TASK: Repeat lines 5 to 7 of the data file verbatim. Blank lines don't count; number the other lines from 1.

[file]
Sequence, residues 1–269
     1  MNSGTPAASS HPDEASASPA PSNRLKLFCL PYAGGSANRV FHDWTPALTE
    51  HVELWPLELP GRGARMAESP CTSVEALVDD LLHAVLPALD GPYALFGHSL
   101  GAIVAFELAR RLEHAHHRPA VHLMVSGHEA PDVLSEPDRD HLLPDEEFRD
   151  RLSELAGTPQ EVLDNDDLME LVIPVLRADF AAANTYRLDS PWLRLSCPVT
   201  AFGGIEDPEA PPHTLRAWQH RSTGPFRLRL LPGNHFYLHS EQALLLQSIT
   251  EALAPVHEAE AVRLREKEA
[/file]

   151  RLSELAGTPQ EVLDNDDLME LVIPVLRADF AAANTYRLDS PWLRLSCPVT
   201  AFGGIEDPEA PPHTLRAWQH RSTGPFRLRL LPGNHFYLHS EQALLLQSIT
   251  EALAPVHEAE AVRLREKEA